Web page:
However, Jesus was clear that believers must love our neighbor – anybody we come into contact with during the course of our day – and we must love our enemy – the people who have hurt us.

Lately, I’ve been interested in exactly HOW to love others. Does the Bible give me specific instructions on exactly what to do to show love to my neighbor and my enemy?

To find out, I went back to the verse that started this whole thing: Ephesians 5:2, “And walk in love, as Christ loved us and gave himself up for us, a fragrant offering and sacrifice to God (ESV).” And I studied the two Greek words for love used in the verse – agape and agapao. Agape is a noun: a thing, concept, or an idea. Agapao is a verb: something you do, an action.

Using the Blue Letter Bible app, I read through all the verses that used agapao and noted verses that gave explicit directions – something specific to do to show love. The first concrete instructions in the New Testament using the verb agapao were given by Jesus. In Matthew 5:44, he said, “But, I say to you, Love your enemies and pray for those who persecute you (ESV – emphasis added).”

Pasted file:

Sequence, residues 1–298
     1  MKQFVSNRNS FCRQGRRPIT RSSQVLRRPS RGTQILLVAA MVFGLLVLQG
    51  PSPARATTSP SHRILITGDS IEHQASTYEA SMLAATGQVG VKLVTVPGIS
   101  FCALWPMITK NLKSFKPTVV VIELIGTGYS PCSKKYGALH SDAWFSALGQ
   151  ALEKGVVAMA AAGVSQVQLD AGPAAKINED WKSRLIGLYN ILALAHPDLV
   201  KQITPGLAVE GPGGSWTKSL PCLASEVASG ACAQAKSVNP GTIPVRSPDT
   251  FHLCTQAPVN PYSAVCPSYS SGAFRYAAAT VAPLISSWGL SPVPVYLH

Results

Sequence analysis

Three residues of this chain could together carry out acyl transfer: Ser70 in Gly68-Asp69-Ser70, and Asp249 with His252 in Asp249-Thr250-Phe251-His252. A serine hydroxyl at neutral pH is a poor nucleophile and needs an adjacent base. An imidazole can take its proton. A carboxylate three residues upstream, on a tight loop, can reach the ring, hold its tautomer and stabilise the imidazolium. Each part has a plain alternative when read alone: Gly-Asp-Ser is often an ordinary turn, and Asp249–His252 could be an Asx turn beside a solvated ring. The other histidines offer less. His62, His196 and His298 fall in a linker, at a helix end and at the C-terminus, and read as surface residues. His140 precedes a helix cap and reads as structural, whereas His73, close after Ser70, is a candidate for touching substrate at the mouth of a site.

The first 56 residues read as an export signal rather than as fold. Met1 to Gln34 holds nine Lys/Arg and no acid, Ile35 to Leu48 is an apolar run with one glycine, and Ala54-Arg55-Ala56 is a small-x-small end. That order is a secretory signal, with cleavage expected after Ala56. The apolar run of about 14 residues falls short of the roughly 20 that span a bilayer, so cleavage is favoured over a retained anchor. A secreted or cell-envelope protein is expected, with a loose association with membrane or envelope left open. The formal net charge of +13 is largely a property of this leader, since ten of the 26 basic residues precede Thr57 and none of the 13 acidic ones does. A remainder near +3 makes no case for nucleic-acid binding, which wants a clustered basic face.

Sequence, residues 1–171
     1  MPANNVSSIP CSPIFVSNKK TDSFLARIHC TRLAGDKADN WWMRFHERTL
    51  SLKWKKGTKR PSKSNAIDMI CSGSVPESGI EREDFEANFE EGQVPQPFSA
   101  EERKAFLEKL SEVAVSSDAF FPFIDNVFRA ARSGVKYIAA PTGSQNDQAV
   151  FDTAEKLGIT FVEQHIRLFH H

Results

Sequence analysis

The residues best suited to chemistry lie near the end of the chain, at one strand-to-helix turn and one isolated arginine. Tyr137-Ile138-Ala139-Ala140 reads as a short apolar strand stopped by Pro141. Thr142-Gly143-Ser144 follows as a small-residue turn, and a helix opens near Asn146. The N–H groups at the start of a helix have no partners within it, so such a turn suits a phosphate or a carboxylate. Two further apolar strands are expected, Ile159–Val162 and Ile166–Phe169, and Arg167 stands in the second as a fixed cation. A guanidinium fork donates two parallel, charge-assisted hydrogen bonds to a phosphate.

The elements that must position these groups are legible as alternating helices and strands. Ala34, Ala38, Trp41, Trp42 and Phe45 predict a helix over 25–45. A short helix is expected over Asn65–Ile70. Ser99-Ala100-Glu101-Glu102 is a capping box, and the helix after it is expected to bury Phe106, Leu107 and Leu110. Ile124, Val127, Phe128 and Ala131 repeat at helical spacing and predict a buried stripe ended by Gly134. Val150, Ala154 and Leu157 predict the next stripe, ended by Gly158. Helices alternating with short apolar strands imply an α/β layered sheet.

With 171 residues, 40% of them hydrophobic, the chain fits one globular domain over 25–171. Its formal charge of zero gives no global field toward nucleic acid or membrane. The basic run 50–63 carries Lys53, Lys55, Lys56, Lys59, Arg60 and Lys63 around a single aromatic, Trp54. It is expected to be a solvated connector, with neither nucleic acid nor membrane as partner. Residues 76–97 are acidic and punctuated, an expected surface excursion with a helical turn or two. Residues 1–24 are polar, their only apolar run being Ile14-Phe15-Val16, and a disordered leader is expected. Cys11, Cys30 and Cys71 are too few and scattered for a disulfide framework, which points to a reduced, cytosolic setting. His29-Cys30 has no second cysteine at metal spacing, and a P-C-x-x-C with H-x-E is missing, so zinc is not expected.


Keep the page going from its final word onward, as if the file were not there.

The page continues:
How do we love others? How do we love people who have done us wrong? Pray for them – all of them – the ones who wronged us, treated us poorly, talked about us behind our backs, don’t deserve our kindness…

Jesus told us to have a conversation with God about that person; that’s what prayer is anyway, a conversation with God.

Can you ask God to burn the bread they’re toasting for breakfast or to give that person a flat tire on the way to work?

NO 🙂

But, you can ask God to change him or her…to make that person into someone who acts kindly, stops spreading rumors, leaves your child along at school. All those requests are fine. In our conversations with God, we’re allowed to tell Him our hearts’ desire.

However, Scripture specifically instructs us to pray for our enemies’ salvation, to express thankfulness for those people, and to pray for their well-being (1 Peter 3:9).

Image Credit: PinImg.com

Sounds extremely difficult, right? When you’re upset with someone, the last thing you want to do is to pray for that person’s well-being! No! You want to call your best friend and tell him or her about who wronged you and how angry you are.

But, this has no place in the life of a Christ-follower. Jesus said we were to love the people who persecuted us. He also said, “do good to those who hate you (Luke 6:27 ESV).”